BBC Wales' orchestra has flown out for an 11-date US tour after being "guinea pigs" for an IT system collecting fingerprints needed for their visas.
Travelling to London would have cost the orchestra thousands
The biometric data, part of security arrangements for visiting the US, was collected in Cardiff by embassy staff, saving the orchestra travelling costs.
The 100-strong concert party faced a £10,000 bill if they had all gone to London to meet work visa requirements.
The embassy said its Cardiff experience would help it develop the technology.
BBC Wales' orchestra at first faced paying thousands in travel and hotel costs when the US embassy insisted the visa application process was carried out in London, with all the concert party applying in person.
Orchestra manager Byron Jenkins went public to say that orchestras in the UK were turning down invitations to the US because the process of applying for work visas for concert parties was too cumbersome and costly.
In March 2006, Manchester's Halle orchestra did just that, pulling out of a concert programme in New York, claiming the requirements for gaining work visas were too onerous.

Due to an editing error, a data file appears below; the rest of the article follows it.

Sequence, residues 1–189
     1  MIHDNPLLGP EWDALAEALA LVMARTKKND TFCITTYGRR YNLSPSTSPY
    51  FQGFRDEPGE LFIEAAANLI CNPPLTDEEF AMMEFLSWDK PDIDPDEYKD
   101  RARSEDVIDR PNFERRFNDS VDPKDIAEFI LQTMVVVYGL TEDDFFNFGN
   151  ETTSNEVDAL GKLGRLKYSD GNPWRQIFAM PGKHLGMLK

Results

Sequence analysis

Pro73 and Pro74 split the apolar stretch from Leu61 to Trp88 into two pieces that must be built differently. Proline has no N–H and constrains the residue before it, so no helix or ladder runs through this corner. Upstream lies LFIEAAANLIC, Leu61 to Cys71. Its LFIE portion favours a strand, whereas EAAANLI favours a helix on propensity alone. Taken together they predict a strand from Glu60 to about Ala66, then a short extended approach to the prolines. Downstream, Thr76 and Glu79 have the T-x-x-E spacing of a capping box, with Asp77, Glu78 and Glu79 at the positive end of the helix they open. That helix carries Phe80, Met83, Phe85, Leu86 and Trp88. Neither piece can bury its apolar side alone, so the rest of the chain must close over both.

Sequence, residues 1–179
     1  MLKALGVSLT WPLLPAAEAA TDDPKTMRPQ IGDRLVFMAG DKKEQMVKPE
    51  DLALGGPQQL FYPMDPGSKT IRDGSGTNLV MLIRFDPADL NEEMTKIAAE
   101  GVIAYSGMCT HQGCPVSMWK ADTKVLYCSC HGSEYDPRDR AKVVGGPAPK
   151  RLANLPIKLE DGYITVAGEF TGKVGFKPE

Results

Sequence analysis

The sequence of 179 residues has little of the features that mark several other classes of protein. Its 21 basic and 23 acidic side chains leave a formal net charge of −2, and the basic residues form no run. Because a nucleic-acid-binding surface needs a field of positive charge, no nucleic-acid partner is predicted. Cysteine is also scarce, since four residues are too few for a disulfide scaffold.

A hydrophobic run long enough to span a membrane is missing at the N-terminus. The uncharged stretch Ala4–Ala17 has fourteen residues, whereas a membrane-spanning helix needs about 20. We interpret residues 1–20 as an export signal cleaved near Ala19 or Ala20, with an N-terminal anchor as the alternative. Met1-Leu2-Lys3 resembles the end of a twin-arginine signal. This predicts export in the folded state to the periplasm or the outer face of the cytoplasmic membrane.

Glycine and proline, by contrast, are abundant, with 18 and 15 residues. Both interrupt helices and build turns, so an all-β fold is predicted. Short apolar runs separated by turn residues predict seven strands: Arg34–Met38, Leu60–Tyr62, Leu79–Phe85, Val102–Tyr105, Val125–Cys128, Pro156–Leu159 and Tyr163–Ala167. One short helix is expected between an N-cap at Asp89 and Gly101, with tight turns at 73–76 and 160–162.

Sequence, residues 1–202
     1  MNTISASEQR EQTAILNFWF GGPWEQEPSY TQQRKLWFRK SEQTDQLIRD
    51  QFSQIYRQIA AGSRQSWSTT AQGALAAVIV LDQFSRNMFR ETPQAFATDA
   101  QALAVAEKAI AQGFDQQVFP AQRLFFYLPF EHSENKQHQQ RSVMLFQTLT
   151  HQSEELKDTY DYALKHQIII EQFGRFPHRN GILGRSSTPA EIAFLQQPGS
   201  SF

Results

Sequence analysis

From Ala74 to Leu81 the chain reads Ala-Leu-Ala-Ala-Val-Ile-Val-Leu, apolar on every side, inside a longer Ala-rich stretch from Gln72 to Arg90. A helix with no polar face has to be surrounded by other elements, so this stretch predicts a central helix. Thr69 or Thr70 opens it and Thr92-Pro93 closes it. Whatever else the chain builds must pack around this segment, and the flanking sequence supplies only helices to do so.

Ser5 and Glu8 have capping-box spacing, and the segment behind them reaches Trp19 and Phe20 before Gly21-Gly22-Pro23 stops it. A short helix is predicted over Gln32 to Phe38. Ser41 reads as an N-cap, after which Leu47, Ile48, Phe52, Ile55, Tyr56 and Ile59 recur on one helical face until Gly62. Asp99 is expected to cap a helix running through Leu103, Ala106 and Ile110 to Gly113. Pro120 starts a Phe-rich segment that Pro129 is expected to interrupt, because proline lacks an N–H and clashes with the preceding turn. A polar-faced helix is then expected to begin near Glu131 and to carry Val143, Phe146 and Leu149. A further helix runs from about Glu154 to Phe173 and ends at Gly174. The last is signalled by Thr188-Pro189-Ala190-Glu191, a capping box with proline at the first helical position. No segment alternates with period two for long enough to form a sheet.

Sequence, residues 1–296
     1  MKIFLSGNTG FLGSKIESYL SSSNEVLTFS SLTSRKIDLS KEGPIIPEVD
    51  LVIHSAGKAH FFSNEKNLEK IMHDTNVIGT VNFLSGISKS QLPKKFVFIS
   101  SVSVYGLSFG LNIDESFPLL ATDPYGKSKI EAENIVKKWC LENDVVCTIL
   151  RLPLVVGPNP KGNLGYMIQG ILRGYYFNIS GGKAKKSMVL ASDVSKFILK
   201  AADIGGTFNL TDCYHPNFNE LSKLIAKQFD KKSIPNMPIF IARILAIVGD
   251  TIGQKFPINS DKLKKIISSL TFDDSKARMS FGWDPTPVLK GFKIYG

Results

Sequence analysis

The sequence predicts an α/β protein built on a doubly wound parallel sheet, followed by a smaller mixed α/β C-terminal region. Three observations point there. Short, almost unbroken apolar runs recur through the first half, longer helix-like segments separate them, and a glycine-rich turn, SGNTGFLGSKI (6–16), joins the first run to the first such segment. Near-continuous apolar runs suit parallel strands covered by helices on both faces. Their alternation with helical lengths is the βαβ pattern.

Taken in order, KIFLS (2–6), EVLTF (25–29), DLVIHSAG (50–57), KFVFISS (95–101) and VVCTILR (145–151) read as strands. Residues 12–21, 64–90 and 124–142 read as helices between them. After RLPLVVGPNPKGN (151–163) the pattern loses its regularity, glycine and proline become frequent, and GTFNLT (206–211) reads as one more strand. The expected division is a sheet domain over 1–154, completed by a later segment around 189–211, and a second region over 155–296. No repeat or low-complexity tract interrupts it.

Mr Jenkins' comments on BBC radio were heard by the US embassy's consul general in the UK, John Caulfield, who offered to fast-track the Welsh orchestra's visa applications, if they were prepared to let the embassy try out new technology.
He later revealed embassy staff had been experimenting with using a scanner linked to a laptop to electronically gather the fingerprints of visa applicants.
Mr Caulfield offered to conduct a trial at the orchestra's base in Cardiff, to scan all 100 people in the concert party in one day.
But a visit to Cardiff in November by embassy officials ended when the technology broke down after fewer than a dozen people had their fingerprints successfully scanned.
However, a return visit in December saw the remaining 78 people in the concert party have their fingerprints scanned in a matter of hours.
Mr Jenkins said the operation had cut his costs by about £10,000 and he was already taking calls from counterparts across Europe to find out how it worked.
He said: "They saw us as guinea pigs to try out this new system.
"The embassy was disappointed at the initial visit when their software failed, but pulled all the stops out to make sure the return visit ran smoothly and without mishap."
In a statement, the US embassy said: "We are continuing to conduct our pilot program on taking visa applications outside consular offices under limited circumstances.
"Our experience in Cardiff will help us refine the technology and business process for this program, and to develop policy for the use of this technology.
"We appreciate the willingness of the BBC Wales Orchestra to be our partner in this pilot."